Click here for more information about laboratory operations and procedures
If you have additional questions regarding this test, please call: 415-353-1667
|Performed by||Parnassus, Mission Bay & Mt. Zion Chemistry|
|In House Availability||Test available 24 hours per day 7 days per week|
|Method||Oxygen consumption (O2 electrode with glucose oxidase)|
|Patient Preparation||Patients should have fasted (no caloric intake) for a minimum of 8 hours before testing.|
|Container type||Lt Green top preferred, Gold top and Gray top acceptable.|
|Amount to Collect||1 mL blood Click here for Microdetermination info|
|Sample type||Plasma or serum|
|Preferred volume||0.5 mL plasma or serum|
|Min. Volume||0.2 mL plasma or serum
Click here for Microdetermination info
|Synonyms||Diabetes mellitus; FBS; fasting blood sugar|
|Stability||Room temperature 8 hours, refrigerated 2 days|
|Additional information||To convert mg/dl to mmol/L (SI units) multiply by 0.0555.
The stated reference ranges reflect criteria for the diagnosis of diabetes mellitus established by the American Diabetes Association (Diabetes Care, Volume 34, Supplement 1, January 2011). . All recommendations of the ADA are based upon plasma or serum levels). The diagnosis of diabetes mellitus should NOT be made until one of these abnormalities has been confirmed on a subsequent day. Impaired glucose tolerance/impaired fasting glucose implies an increased risk of future diabetes. Fasting levels < 50 mg/dL are frequently found in apparently normal individuals after 1-3 days of fasting, especially in women and children; levels as low as 20 mg/dL may be normal in prematures (Pediatrics 1990;85:834).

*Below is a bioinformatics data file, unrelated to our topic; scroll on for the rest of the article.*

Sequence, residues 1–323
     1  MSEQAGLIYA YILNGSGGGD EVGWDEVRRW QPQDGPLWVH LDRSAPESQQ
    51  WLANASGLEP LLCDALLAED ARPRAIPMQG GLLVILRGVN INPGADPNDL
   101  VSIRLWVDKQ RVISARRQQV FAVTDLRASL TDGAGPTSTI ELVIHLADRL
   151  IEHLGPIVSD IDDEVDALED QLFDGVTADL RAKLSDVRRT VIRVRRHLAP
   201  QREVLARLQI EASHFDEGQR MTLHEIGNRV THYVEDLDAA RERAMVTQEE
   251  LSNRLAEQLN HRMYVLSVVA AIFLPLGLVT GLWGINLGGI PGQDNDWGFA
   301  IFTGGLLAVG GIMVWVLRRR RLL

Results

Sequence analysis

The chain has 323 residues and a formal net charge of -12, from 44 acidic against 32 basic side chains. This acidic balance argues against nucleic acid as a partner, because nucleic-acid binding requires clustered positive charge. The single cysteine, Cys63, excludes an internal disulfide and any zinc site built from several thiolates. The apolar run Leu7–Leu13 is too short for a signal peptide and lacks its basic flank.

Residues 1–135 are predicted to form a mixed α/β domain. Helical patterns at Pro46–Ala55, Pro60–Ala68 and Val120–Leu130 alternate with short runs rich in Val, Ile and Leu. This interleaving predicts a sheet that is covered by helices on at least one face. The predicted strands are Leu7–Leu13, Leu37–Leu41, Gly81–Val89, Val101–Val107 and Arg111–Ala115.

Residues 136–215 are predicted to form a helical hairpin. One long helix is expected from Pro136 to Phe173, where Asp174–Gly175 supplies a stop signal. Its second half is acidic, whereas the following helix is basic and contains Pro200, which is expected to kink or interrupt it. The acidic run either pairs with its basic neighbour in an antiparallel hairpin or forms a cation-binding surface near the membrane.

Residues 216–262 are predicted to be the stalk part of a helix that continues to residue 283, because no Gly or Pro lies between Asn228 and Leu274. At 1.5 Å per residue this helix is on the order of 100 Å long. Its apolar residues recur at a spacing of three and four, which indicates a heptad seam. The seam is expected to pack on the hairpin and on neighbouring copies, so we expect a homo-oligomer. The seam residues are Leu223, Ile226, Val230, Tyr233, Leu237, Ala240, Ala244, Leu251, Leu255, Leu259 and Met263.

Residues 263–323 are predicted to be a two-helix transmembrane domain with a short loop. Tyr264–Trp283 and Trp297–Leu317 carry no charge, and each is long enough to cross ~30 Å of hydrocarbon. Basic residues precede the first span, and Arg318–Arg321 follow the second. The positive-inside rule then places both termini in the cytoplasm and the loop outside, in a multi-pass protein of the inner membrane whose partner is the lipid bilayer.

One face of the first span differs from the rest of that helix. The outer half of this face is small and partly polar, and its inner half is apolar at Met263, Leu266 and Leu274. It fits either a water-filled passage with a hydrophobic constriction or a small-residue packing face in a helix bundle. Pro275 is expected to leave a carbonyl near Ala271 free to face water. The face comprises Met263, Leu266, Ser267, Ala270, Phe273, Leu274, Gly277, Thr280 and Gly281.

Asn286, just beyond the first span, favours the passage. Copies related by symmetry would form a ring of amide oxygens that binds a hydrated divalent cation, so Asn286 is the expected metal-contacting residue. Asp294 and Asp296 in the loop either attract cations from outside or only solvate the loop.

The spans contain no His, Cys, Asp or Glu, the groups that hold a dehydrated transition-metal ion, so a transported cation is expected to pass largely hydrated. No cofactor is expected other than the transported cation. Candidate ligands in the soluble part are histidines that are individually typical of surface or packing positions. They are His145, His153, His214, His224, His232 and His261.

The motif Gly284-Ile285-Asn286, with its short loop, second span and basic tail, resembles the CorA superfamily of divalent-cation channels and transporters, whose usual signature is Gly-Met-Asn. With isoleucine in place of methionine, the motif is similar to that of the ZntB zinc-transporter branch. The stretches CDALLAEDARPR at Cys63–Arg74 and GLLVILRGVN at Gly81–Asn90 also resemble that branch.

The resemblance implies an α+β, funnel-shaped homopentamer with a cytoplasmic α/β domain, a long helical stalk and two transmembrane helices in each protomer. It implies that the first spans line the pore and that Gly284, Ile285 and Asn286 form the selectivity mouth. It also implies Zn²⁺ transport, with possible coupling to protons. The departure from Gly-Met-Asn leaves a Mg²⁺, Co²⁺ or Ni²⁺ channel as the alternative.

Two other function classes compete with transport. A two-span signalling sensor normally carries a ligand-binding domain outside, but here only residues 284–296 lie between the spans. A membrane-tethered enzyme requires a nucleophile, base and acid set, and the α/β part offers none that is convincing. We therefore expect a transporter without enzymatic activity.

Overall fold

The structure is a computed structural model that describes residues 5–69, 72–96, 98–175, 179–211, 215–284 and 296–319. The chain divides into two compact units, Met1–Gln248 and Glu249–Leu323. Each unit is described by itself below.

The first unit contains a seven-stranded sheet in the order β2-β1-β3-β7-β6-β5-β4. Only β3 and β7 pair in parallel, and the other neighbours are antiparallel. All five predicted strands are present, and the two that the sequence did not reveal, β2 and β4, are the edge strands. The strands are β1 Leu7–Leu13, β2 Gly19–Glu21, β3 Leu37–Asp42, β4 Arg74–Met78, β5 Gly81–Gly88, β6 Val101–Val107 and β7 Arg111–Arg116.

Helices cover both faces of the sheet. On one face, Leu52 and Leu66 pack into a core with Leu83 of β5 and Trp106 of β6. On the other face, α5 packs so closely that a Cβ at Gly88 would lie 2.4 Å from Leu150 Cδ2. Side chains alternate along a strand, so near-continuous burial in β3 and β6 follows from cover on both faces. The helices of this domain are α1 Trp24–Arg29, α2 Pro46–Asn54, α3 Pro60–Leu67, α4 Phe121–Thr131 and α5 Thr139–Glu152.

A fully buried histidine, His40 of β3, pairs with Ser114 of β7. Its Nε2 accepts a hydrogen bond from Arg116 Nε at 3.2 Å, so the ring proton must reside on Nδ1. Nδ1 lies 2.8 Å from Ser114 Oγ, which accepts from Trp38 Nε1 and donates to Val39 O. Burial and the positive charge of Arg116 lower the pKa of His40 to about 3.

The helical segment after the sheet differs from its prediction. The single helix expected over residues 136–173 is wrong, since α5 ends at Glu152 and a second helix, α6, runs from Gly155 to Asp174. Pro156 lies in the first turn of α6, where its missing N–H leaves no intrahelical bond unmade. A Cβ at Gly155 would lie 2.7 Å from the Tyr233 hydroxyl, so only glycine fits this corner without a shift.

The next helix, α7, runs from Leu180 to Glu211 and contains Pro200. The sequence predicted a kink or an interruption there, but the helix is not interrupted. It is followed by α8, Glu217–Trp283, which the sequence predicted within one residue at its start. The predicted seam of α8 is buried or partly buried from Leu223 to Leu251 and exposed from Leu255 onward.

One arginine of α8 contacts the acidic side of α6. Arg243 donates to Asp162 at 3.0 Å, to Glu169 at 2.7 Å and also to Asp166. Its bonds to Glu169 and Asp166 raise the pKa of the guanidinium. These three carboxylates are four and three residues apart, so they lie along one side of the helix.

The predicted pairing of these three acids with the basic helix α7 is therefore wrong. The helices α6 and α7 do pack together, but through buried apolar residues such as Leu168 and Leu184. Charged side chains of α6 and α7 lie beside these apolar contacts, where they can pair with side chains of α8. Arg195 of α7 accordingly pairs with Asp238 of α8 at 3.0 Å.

Note that fasting whole blood glucose concentrations are approximately 12-15% lower than plasma glucose concentrations and that many point of care whole blood glucose monitors automatically convert results to plasma values. Whole blood glucose results can be manually converted to plasma values by multiplying whole blood results by 1.12, based on the assumption that the sample hematocrit is 45%. Note also that glucose concentrations in capillary blood are higher than those in venous blood. In fasting samples, the differences are small (2 to 5 mg/dL), however, in non-fasting samples, differences as high as 70 mg/dL may be observed.
|Last Updated||2/29/2016 9:59:01 AM|
|Lab Procedure Link||Click here for Procedure|